Ward always worked overtime for friends, family

By Laurie Stone

Bill Ward, age 52, died Sept. 2, 2004, at his home. Family members said he was a man of integrity to all those that were touched by his loving generosity and kindness.
He was an employee for the city of Portales, supervising street repairs and the construction of buildings.
He was a man capable of many things and was referred to as a jack of many trades.
Tammy McSperitt, Ward’s niece, said, “If God needed a mechanic or a house builder then he got the best one.”
Family and friends describe Bill as having a strong character and being a source of strength for many in his life.
“It was this strength that encouraged others to smile,” said Raenell Ward, Bill’s wife. “He loved being around people and helping them. He was a friend to those that needed one and a father to children that weren’t his own.”
Curtis Wagner, a friend, explained that Bill was always working on something in his shop for other people.
“Often times, he would keep odd mechanical parts around just in case someone needed them. His intentions were to benefit others with convenience. This was his way of reaching out to help others,” Wagner said.
Charlene Stokes, Bill’s daughter, said her favorite memory of her father was when her daughter Ayla was born, making Bill a grandfather for the first time.
“My dad was the first one to see her, his little pumpkin,” Stokes said, “but it was when he put her in my arms that I remember the most. It was like he gave her to me.”
“He was a really nice guy,” said Bill’s 10-year-old son Billy. “He taught me a lot about being a mechanic and how to fish.”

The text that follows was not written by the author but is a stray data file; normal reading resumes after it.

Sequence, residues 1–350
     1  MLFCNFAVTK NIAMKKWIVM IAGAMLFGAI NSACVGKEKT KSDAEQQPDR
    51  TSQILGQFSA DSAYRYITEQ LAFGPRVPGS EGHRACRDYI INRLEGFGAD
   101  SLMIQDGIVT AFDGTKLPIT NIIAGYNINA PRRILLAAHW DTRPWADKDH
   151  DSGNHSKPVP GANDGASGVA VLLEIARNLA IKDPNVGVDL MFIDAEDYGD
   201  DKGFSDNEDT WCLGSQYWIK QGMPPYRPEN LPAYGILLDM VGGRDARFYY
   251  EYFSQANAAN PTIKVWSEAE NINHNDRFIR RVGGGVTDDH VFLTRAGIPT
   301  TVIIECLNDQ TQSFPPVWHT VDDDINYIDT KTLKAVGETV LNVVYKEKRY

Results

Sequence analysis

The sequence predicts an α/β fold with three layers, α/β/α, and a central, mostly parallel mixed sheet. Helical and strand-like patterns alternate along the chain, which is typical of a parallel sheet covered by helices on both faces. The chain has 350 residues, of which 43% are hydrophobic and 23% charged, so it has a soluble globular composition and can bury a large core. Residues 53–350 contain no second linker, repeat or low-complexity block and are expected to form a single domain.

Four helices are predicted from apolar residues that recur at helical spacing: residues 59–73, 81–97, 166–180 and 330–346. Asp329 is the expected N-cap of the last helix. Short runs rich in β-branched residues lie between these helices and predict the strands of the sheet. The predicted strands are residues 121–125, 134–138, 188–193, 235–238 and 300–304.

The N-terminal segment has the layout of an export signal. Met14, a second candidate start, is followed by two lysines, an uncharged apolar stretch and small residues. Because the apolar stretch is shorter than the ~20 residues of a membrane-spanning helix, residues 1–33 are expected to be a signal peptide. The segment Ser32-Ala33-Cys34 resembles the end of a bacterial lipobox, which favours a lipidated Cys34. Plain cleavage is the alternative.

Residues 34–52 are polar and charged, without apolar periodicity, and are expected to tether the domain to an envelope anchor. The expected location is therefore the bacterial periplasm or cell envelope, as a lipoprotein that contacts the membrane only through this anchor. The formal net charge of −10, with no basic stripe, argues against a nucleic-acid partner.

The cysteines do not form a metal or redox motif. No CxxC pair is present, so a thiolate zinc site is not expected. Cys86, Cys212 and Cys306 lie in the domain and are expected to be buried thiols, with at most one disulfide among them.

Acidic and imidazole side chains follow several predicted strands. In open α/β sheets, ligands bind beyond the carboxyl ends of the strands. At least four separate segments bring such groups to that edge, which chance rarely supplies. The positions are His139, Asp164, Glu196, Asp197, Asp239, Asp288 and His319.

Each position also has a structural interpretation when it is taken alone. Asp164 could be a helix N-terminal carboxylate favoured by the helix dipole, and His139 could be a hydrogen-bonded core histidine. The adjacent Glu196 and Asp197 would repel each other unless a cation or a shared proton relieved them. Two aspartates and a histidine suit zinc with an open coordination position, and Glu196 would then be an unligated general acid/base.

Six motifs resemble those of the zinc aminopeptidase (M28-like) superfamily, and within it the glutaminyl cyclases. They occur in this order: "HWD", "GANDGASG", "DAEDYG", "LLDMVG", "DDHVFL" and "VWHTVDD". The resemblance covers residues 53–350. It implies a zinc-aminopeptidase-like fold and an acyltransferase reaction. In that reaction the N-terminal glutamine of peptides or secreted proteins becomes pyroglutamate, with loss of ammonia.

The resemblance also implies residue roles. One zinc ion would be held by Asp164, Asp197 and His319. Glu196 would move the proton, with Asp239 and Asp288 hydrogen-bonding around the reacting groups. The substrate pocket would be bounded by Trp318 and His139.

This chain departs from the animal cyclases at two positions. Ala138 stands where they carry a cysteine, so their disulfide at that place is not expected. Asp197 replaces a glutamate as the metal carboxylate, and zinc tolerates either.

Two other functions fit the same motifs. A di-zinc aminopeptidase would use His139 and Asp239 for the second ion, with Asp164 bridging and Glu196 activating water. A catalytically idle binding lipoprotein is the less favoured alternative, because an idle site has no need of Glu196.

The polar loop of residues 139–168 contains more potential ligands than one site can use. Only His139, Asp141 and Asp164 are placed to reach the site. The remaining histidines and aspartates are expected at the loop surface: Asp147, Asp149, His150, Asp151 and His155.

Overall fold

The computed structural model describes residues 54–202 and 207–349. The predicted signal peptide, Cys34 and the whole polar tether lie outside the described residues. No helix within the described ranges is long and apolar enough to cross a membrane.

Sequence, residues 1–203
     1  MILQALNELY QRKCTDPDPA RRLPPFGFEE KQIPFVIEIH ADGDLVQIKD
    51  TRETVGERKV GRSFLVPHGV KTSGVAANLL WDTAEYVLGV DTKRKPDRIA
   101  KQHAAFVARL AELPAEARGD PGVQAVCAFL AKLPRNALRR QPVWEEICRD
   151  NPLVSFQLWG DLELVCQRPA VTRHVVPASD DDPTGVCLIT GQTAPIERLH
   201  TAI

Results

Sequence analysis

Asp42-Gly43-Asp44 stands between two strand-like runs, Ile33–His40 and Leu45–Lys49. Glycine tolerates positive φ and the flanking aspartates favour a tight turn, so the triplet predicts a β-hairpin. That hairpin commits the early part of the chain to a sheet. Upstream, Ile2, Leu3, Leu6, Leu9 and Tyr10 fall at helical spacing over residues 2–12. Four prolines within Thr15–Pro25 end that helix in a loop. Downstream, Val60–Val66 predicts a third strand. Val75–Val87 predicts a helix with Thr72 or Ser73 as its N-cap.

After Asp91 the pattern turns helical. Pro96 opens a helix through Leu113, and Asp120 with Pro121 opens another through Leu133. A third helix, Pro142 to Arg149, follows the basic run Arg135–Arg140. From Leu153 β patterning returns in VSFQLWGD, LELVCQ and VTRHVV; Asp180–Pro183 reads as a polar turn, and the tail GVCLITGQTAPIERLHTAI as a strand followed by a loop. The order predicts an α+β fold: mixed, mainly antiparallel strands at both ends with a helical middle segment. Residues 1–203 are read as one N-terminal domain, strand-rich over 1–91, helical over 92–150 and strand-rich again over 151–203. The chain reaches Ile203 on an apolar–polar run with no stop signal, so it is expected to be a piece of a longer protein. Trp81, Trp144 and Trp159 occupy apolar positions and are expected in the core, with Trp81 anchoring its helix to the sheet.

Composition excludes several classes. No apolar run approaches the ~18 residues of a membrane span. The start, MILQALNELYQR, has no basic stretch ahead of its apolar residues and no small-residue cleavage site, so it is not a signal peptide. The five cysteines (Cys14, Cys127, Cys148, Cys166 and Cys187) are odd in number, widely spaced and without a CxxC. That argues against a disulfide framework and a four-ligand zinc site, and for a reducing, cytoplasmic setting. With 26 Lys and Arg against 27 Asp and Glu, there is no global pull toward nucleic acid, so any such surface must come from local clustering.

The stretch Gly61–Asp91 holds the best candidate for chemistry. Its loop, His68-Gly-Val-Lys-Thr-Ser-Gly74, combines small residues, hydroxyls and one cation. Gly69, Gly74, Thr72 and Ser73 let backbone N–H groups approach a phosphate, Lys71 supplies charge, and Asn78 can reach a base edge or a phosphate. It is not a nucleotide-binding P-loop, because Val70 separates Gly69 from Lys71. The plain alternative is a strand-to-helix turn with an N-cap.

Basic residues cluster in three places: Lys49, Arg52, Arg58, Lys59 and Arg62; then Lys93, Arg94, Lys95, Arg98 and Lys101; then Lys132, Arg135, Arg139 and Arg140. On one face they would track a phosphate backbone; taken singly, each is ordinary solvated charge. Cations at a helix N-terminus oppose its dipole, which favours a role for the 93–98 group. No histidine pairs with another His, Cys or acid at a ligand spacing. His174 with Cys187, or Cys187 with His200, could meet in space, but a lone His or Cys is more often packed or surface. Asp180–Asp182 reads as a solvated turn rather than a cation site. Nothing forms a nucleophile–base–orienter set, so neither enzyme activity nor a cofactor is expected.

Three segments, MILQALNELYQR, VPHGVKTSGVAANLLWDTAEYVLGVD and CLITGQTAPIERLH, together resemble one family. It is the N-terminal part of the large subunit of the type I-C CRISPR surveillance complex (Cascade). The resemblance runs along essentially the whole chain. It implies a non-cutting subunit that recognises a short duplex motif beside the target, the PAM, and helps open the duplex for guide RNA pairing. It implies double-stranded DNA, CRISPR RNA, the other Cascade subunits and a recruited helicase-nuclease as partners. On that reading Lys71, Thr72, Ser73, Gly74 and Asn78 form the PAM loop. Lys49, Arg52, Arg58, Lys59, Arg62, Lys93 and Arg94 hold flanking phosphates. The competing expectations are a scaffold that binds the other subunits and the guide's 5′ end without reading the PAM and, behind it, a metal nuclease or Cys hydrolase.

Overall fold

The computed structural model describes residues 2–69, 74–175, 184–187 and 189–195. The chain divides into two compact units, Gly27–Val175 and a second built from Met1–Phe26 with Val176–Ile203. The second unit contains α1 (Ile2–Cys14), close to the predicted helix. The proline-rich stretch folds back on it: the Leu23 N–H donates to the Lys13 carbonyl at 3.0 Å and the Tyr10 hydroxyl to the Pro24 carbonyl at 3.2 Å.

Ward’s first love was his family and friends. He most enjoyed being with them at the lake or in the mountains. “He was always doing for people, but it wasn’t just giving them his skills or his time that was most important,” said Raenell. “Rather it was his knowledge.”
Bill was born on June 9, 1952, in Ruidoso, to Jessie and John H. Ward. He grew up in Ruidoso, but moved to Central Valley, Calif. where he graduated from high school, before returning to Ruidoso for several years. While living there, he worked as a carpenter and as a mechanic.
He married Raenell Smith on March 20, 1987. They made their home in Amarillo until 1992, where he worked as a long haul truck driver. Bill began working for the city of Portales on Jan. 1, 1992.
Ward’s greatest love was his family and friends. His sister said that while growing up, Bill was quiet and reserved but as he got older, he became very sociable.
Family members said that Ward spent a great deal of time at home in his shop, helping family and friends with mechanic work.
“He was always working on something for someone,” said Curtis Wagner, Ward’s best friend.